"What we're being asked to do is approve the establishment of the school with no detail about how it will function once established. Do not vote to refer this one because it won't make it into the course calendar in time for next year. That would be a mistake."

"I caution Senate against the idea that if it's not all inclusive, it can't go ahead,' said de Takacsy. "Addressing the interests of the three faculties was a major achievement."

He added that the reason the professional schools (Medicine and Law, as well as Engineering) were left out of the original agreement had to do with accreditation by their respective professional associations which vigilantly monitor programs.

"But it [the situation] will evolve," he predicted.

Dean of Arts Carman Miller also said that the goal is to broaden membership once the MSE is established.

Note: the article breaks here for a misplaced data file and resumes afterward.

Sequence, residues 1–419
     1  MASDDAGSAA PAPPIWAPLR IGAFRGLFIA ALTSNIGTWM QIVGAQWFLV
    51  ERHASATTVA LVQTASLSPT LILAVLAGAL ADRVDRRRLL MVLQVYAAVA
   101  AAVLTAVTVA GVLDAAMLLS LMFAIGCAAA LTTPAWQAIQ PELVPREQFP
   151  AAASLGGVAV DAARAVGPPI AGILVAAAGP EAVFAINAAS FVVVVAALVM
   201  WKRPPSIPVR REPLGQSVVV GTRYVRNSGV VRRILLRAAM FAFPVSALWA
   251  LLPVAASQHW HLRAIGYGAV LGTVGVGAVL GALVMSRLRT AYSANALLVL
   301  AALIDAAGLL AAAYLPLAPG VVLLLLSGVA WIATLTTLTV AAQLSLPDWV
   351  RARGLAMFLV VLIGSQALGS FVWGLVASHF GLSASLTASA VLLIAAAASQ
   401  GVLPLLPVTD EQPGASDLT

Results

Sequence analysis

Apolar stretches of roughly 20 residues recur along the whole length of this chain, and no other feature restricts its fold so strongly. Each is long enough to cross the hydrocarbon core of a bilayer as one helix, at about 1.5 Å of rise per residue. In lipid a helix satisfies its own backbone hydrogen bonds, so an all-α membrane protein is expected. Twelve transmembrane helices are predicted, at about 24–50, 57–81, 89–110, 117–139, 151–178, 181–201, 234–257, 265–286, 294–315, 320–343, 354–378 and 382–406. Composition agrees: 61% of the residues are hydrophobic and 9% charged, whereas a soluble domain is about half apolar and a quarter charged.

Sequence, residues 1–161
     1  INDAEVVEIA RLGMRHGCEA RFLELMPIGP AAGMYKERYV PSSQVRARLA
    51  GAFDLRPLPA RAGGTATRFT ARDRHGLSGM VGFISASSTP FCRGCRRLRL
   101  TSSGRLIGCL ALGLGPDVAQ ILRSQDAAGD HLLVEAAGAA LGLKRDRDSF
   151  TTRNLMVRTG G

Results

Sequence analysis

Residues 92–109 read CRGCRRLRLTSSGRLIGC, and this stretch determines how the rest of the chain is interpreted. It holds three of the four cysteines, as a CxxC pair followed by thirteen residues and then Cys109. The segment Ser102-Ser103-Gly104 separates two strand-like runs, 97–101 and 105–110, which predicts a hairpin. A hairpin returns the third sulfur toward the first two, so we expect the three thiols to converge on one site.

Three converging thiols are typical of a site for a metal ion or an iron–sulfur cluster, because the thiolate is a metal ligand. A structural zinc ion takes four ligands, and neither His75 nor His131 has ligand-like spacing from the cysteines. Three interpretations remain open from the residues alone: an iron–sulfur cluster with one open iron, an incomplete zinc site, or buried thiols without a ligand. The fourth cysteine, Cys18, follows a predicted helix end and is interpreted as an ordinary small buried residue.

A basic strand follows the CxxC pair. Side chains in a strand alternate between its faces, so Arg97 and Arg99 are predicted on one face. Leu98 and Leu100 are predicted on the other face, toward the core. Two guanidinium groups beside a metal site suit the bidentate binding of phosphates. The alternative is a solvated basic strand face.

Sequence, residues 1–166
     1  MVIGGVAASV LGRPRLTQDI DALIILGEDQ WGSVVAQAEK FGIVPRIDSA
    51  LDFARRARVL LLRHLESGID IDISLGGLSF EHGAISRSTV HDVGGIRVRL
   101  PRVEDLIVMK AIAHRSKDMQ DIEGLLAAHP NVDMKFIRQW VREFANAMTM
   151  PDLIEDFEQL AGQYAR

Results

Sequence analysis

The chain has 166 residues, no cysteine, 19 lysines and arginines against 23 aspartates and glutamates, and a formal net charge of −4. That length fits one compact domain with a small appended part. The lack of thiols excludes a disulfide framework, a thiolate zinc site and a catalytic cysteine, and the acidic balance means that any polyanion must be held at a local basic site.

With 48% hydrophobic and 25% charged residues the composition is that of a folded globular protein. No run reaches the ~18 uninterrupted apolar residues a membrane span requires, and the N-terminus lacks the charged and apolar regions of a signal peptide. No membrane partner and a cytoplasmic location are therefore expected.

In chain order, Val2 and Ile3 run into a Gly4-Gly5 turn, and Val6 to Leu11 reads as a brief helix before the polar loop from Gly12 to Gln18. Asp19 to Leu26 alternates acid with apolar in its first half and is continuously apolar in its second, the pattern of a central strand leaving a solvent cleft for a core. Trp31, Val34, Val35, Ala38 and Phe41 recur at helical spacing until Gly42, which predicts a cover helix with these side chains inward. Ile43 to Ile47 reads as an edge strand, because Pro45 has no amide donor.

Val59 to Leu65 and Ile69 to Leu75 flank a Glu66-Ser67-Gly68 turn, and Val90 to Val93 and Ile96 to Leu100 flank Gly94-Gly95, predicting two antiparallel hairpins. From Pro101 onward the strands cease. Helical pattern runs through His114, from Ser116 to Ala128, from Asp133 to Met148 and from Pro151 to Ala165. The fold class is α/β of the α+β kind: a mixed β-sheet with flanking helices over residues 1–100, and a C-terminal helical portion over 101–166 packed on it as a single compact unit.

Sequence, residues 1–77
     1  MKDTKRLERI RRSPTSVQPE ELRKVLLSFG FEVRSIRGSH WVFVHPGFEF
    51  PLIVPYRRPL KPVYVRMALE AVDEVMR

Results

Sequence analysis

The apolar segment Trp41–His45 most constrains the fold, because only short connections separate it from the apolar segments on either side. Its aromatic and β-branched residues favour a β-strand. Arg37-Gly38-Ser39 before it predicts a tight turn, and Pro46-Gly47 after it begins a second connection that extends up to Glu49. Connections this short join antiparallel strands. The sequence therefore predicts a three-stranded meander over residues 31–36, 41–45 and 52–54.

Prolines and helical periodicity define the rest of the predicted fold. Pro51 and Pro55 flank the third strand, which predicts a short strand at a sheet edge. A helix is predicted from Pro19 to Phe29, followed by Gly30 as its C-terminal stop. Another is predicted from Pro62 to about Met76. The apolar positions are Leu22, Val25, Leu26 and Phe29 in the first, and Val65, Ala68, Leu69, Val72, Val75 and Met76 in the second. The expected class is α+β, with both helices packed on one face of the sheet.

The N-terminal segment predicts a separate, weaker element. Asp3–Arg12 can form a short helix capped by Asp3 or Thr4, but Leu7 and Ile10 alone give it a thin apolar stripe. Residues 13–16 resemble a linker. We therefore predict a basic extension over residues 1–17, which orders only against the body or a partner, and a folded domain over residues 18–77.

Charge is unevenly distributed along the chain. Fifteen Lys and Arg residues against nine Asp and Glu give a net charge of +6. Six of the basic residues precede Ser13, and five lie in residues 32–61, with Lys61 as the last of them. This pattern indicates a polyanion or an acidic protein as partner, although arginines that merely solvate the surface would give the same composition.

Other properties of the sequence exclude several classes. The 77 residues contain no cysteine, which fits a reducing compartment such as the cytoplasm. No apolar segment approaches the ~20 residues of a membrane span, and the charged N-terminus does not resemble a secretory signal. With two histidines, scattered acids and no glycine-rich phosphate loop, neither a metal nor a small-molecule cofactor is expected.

"Look at what this is, not what it isn't," said Dean of Science Alan Shaver. "It's an attempt by three faculties to merge their programs." He blamed the previous lack of cohesion regarding environmental teaching and research within McGill on turf wars.

Professor Sam Noumoff quoted an old student of his who's now enrolled in York University's environmental program. "This person bemoaned the lack of a corresponding program at McGill, saying that York's program was attracting many students from McGill."

Dean of Agricultural and Environmental Sciences Deborah Buszard said that this type of program breaks down barriers, and, ironically, uses a model for sharing courses and professors that her faculty currently uses to share agricultural engineering programs with the Faculty of Engineering. But she stated that this was just the beginning.

"I believe that we're inventing the future of McGill."

Picking up on a comment by Vice-Principal Chan, Dealy said, "I'll drop the motion...if we can use Chan's statement to add a proviso that all faculties will be consulted."

This was done and the recommendation to approve the creation of the MSE was accepted. Buszard later thanked, on behalf of Senate, "all of the people who worked on the MSE, especially Nigel Roulet."